Web Accessibility: The key to an inclusive Internet
Usability has always been one of the most important aspects of a web site development. Web designers and web developers are very much concerned about providing a pleasant and friendly experience to the users of their web sites. In this direction, they employ leading edge front-end technologies, along with methodologies that help them evaluate alternative web site designs (e.g., A/B testing). The importance of usability in web site development is rising, which is the reason why more and more web sites are compared against the user experience (UX) they offer. However, usability does not only need to be fancy, pleasant and satisfactory: It must be inclusive as well. Specifically, web sites must accommodate the special needs of disabled users, which must be offered with assistive features to be able to visit and read modern web sites. This brings the ever-important issue of web accessibility in the foreground: Web content must be designed and delivered in-line with accessibility principles to allow the over 1 billion of disabled users to access them.
Accessibility can be seen as a special case of usability that considers the needs of disabled users. In most cases, the term usability is synonymous to the need for offering a proper user experience to all web users. Web accessibility is what makes this happen for disabled users. Web accessibility imposes additional obligations on web developers, who must create additional content items. For instance, they must create alternative text for all graphics and images, to allow users with visual impairments to understand the message that is conveyed by the visuals. Likewise, they must integrate text-to-speech (TTS) capabilities to enable users that cannot read the text themselves to hear it from the TTS software. As another example, there are users that are not able to distinguish normal text from URL (Uniform Resource Locator) links and other clickable areas. To assist these users, web designers can underline the text in order to make it different from normal text. Alternatively, they can also create specialized link buttons.
Web accessibility is also about supporting assistive technologies that are commonly used by disabled people. For example, many disabled users make use of assistive screen readers and magnifiers when navigating the web. These devices enable them to zoom to specific parts of the text or even to read the content out loud when required. To support the use of these devices, accessible web sites must create content that supports different zoom levels and TTS functionalities.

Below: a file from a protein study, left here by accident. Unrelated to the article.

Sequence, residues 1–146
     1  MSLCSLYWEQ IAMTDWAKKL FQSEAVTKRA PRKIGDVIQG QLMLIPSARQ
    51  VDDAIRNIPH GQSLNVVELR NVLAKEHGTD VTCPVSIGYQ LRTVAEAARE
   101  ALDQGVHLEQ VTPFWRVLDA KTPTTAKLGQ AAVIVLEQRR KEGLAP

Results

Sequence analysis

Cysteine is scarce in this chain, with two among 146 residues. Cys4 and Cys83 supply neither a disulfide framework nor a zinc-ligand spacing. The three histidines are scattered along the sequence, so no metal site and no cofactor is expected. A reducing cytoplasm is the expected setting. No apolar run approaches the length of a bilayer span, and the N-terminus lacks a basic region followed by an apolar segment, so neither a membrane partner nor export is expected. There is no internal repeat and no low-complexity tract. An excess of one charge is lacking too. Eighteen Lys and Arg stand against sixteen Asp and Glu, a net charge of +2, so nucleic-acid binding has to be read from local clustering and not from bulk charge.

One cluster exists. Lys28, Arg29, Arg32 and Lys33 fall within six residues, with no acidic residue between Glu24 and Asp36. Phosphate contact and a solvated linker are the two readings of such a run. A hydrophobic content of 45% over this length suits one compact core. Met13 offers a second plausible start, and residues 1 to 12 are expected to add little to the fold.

Designing web sites and authoring content with web accessibility in mind can be a challenging task, especially for sophisticated websites. Hence, web designers must understand accessibility issues, technologies, and guidelines. At the same time, they must take advantage of existing standards, platforms and tools for designing accessible websites. As a prominent example, to develop and manage accessible content, web developers can use content management systems that support accessibility features. Such systems can greatly facilitate content authoring and maintenance tasks, as they automatically generate accessible content once core content is available. As another example, web authors and developers must adhere to a set of authoring best practices such as the use of proper alternative text for all images, the use of descriptive names for URL links, as well as the structuring of content based on headings to facilitate assistive technologies to navigate the various content items.
As already outlined, visuals, graphics and colored items, through very expressive for the average user, can be hardly accessible by the visually impaired. Therefore, color must be used with care. Moreover, there are several web forms development tools that help web developers produce accessible forms i.e., forms that can be navigated by users with impairments. It is also well known that tabular data can be navigated based on assistive tools, yet tabular layouts can be hardly read. Therefore, web designers are advised to avoid complex tabular layouts, yet it is acceptable to have tabular data in their web pages. Also, one very good practice is to author web pages that can be accessed with the keyboard in a structured and reasonable way.
The above-listed practices ensure the accessibility of a broad range of web pages, including the vast majority of web pages that do not include very dynamic and very sophisticated elements. In recent years there are also technology specifications that can boost the accessibility of dynamic and interactive content, such as the ARIA (Accessible Rich Internet Applications) pool of specifications.
The development of accessible web sites goes beyond the intentions of individual web developers. There is a number of complementary assets that boost the development of accessible web sites by incentivizing web designers and project sponsors to do it. These include for example:
With over 1 billion people with disabilities on the planet, accessibility is not just a matter of inclusiveness and social cohesion. Rather it is also important for the branding and financial performance of every web site owner. Developers are increasingly understanding the merit of authoring accessible content and of developing standards-based accessible websites. However, it is also important that other stakeholders (e.g., project sponsors) understand the importance of web accessibility and support it. Society and businesses cannot afford to ignore web accessibility and must be ready to support it by all means.
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